Warm, dry mountain winds known as Berg winds have a direct link to fire weather, enhancing the danger of uncontrollable fires. Berg winds are associated with periods of increased air temperature, decreased relative humidity and increased wind speeds. This increases the potential for the development and spread of wildfires. The effects of Berg winds on the microclimate and fire danger were quantified. For this purpose, historic hourly meteorological data, local and international, were used together with a fuzzy logic system for determining Berg wind conditions in near real-time. This included the use of modelled diurnal sinusoidal functions for solar irradiance, air temperature, relative humidity, wind speed and direction, for various locations. Application of the system demonstrated that out of four sites in the KwaZulu-Natal Midlands, South Africa, Baynesfield was the most vulnerable to Berg wind occurrences, followed by Ukulinga (near Pietermaritzburg) and lastly Cedara. Boulder in Wyoming, USA, experienced a larger frequency of Berg wind events compared to Sidney in Montana, USA, despite being located at a higher altitude.
The McArthur Fire Danger Meters (FDM) have been used to monitor and measure fire danger in Australia since the 1950s when they were first developed following severe wildfires. The McArthur FDM has traditionally made use of nomograms to calculate grassland and forest fire danger. In the 1980s mathematical descriptions of the McArthur FDM were developed. These then allowed for the sub-daily and near real-time measurement of grassland and forest fire danger. While commercial forestry contributes only a small percentage of South Africa’s GDP, forest fires have been identified as a common occurrence in commercial forestry plantations and natural forests, which can at times spread to neighbouring grasslands or non-forest vegetation. Forest fire disasters in South Africa are well documented by the mainstream media and it is believed that proper monitoring of forest fire danger, along with grassland fire danger, may mitigate potential wildfire disasters and limit human fatalities and financial loss. The McArthur FDM also provides opportunity to model fire behaviour – a component of wildfire mitigation lacking in the Lowveld fire danger index. The study utilized the equations developed to investigate the use of the McArthur FDM in South Africa by applying the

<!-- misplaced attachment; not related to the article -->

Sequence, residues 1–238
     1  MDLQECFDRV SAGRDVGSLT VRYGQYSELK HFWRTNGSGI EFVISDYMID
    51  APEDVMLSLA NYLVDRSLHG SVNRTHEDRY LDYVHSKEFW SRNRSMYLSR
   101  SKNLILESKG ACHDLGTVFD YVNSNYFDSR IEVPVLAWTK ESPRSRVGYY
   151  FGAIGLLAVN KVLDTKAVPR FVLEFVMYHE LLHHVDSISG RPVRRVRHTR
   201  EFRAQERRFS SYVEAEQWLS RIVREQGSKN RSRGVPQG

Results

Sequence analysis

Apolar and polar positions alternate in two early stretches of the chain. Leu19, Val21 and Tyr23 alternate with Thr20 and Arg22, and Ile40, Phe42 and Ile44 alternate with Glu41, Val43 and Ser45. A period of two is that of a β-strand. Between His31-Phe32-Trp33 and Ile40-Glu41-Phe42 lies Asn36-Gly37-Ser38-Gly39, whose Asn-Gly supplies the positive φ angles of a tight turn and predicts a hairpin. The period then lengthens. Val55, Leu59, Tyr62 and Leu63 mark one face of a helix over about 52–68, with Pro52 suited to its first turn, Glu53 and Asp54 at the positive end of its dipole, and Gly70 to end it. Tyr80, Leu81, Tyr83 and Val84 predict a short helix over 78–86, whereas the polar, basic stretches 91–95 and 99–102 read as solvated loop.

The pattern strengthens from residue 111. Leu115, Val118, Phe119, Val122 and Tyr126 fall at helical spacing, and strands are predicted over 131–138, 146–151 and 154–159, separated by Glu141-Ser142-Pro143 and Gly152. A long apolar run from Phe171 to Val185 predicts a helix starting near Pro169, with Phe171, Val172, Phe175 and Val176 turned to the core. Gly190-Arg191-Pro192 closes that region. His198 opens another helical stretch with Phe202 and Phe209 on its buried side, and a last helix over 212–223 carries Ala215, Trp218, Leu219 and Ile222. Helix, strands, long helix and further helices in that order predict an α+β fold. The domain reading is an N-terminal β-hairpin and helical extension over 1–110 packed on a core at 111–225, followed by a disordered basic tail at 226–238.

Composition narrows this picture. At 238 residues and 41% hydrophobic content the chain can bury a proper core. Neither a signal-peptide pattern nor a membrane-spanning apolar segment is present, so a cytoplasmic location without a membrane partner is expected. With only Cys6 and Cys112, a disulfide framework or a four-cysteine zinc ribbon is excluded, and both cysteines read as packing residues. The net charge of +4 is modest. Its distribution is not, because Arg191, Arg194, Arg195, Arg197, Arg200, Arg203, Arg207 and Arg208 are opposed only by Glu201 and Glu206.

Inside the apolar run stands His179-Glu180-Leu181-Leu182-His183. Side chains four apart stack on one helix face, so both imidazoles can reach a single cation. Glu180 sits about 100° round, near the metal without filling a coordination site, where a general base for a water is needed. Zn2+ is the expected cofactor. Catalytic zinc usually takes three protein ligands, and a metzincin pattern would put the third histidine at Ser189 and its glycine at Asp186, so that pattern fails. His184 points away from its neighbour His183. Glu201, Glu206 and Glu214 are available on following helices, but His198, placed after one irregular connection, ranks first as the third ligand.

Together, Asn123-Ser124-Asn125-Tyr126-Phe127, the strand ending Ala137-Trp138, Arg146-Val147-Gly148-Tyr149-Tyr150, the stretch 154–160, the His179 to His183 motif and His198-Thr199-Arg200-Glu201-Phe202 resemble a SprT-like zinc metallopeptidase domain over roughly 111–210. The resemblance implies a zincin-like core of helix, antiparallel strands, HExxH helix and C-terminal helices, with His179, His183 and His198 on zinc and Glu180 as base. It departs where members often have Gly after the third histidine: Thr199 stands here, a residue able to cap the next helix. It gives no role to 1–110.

equations to historical hourly meteorological data recorded at four locations in the KwaZulu-Natal Midlands, South Africa. Modifications to the McArthur grassland fire danger index (GFDI) were needed and resulted in the development of a method to calculate vegetation curing as a function of micrometeorological variables. Datasets were analysed to investigate seasonal curing at the four locations with results indicating high monthly curing averages in all months, with the greatest range of curing averages experienced in the winter months. Frequency analysis of both the GFDI and the forest fire danger index (FFDI) indicate that lower fire danger ratings are more common than high danger ratings as one would expect. The GFDI and FFDI displayed acceptable sensitivity to changes in the microclimate as observed through conducting sensitivity analysis and by plotting diurnal variations of GFDI and FFDI during Berg wind events. The fire behaviour modelling component of the McArthur FDM does not yield realistic results on steep topography but does provide a baseline on fire characteristics on gentler slopes||en